DT 26726

Daily Telegraph Cryptic No 26726

A full review by Crypticsue

+ – + – + – + – + – + – + – +

BD Rating – Difficulty ***Enjoyment ***

 

Just doing Gnomey a last minute favour as he was kept on site until very late  on Thursday evening and hadn’t even started this blog.   Lucky for him, and you, I can type fast.    I found this Saturday Mysteron puzzle quite tricky on the day, but having just had to solve it again to sort out the hints for the blog, can see that it wasn’t just me being tired, it was a tricky one.

Please leave a comment telling us what you thought. You can also add your assessment by selecting from one to five stars at the bottom of the post.

Across

1a           How Red Arrows fly – low-down (11)
INFORMATION –   The Red Arrows fly IN FORMATION –  remove the space to get another way of saying low-down in the sense of  confidential INFORMATION .

10a         Veteran man fighting endlessly (5)
OLDIE –  An informal term for an old person is obtained by removing  the first and last letters (endlessly) of SOLDIER (man fighting).

11a         Cleese top comic in shower of stars (11)
TELESCOPE – please tell me I wasn’t the only person to drift off into the world of astronomy!   It isn’t a shower (pronounced OW) but a shower (Oh) of stars and other distant objects, the telescope.   The anagram indicator comic indicates the need to rearrange CLEESE TOP.

12a         Get beating being reckless in affair (9)
THRASHING –  Insert RASH or reckless into THING (affair) to get another term for a beating.

13a         Domain of actual money (5)
REALM – A synonym for domain –  REAL (actual) plus M (money).

14a         Two party leaders arrested (6)
NICKED –  The Leader of the Liberal Democrats – NICK (Clegg) , and the Leader  of the Labour Party ED (Milliband),   merge together to get an informal way of saying arrested.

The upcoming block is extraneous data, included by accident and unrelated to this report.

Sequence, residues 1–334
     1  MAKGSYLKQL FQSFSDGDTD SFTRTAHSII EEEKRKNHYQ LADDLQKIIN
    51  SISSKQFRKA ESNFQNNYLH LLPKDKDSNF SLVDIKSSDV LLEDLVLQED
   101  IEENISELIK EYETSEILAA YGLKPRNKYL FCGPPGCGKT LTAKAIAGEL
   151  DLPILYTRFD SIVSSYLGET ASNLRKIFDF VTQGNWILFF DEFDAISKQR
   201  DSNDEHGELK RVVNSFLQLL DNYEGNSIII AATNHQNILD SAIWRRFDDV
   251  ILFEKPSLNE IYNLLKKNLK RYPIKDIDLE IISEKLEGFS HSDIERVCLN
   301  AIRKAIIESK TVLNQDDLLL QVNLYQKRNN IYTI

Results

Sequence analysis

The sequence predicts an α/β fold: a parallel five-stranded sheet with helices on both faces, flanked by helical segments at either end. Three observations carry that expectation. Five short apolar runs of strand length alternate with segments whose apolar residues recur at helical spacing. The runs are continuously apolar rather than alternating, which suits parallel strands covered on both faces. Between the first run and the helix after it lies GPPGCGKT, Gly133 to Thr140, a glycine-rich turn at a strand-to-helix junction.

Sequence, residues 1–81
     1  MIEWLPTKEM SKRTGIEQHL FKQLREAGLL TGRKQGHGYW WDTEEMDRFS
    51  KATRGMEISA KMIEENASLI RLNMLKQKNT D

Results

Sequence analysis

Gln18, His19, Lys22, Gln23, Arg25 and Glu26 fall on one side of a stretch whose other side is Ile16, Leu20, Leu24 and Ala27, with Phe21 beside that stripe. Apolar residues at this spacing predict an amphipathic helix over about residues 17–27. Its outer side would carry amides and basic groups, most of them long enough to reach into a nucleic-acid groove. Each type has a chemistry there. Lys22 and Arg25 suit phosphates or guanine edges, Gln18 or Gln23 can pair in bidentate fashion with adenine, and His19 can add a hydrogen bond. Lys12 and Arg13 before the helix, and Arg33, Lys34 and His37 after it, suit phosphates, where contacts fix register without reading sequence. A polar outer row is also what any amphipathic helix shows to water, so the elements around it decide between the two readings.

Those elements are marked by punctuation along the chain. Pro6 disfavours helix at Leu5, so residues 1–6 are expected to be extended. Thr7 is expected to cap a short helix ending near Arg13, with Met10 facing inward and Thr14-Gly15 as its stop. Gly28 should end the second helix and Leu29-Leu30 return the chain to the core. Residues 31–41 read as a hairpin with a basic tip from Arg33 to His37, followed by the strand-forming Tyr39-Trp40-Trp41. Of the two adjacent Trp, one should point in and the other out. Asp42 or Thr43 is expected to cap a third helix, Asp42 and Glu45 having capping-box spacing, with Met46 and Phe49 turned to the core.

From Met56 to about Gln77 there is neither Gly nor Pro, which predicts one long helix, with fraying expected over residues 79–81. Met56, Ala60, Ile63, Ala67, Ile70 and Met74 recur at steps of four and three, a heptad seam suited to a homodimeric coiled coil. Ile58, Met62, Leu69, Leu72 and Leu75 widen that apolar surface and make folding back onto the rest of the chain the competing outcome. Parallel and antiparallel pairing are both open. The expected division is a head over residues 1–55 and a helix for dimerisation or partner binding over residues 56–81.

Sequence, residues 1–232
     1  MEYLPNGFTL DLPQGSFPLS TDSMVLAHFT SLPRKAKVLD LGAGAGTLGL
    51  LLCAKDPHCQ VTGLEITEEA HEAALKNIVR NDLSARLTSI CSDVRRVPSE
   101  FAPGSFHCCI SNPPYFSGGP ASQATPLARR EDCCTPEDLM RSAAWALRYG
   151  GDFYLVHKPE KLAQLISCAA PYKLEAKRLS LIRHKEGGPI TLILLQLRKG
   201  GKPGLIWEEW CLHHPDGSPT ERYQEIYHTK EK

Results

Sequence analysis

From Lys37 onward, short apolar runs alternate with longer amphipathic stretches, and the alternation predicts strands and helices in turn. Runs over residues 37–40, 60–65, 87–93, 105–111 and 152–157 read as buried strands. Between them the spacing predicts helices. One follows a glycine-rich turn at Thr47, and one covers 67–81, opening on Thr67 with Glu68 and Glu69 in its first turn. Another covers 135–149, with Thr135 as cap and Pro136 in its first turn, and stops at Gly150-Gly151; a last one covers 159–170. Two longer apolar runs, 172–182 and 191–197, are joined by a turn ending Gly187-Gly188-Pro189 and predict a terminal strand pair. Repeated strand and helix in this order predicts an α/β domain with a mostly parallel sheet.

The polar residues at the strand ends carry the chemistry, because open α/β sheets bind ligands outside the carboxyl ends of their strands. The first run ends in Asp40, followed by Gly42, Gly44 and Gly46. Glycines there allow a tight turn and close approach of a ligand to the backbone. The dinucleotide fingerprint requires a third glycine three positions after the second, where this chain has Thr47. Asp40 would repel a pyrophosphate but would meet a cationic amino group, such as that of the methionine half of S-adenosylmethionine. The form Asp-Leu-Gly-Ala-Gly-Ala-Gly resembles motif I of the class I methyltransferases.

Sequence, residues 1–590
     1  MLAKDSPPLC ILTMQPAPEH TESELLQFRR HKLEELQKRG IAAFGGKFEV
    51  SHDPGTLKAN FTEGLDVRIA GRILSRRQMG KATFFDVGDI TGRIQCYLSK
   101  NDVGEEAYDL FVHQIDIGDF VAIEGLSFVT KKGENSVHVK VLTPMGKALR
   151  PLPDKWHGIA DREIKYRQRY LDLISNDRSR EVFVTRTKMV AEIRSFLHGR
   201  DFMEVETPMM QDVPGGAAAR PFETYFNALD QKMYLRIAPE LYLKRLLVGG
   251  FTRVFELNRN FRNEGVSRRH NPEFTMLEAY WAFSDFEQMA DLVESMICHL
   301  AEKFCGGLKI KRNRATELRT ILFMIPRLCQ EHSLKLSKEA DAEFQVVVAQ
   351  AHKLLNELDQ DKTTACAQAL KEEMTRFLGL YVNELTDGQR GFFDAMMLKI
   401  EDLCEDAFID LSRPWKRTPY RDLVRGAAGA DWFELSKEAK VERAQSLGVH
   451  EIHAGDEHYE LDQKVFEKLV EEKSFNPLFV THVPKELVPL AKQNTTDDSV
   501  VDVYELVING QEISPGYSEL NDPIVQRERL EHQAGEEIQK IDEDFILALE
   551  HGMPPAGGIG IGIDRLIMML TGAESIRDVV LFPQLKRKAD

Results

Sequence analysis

16a         Piece of information about tool returned for renovation process (8)
FACELIFT –   This renovation process is undertaken by people dissatisfied with their looks.   Insert a reversal of FILE (tool returned) into FACT (piece of information).

18a         Harmonic apparent on single (8)
OVERTONE –  OVERT (apparent, clear) plus ONE (single) go together to make a musical term meaning a harmonic.

20a         Unpleasant time in gold trade (6)
ORDEAL  – a charade of OR (gold) and DEAL (trade)

23a         Bulb working with charge carrier (5)
ONION – This bulb is a member of the allium family –  ON (working, not off) and ION (an electrically-charged particle).   

24a         It may be pulled running around top of Main Street (9)
HAMSTRING – this tendon is often pulled by athletes, footballers and the like.   Insert M (main) and ST (street) into HARING (running around).

26a         Weed that’s rampant under logs (9)
GROUNDSEL – a common weed is an anagram (rampant) of UNDER LOGS.

27a         See trailers – perhaps with these (5)
LOADS –   Trailers on tractors or lorries carry loads –   LO (see) and ADS (trailers are those adverts you see in the cinema).

28a         Harry kept me working in very big shop (11)
HYPERMARKET – a very large shopping venue is derived from an anagram (working) of HARRY KEPT ME.

Down

2d           From Orion a direction opposite the zenith (5)
NADIR – the point of the heavens diametrically opposite the zenith is hidden in OrioN A DIRection.

3d           Supervise some poetry in Old English (7)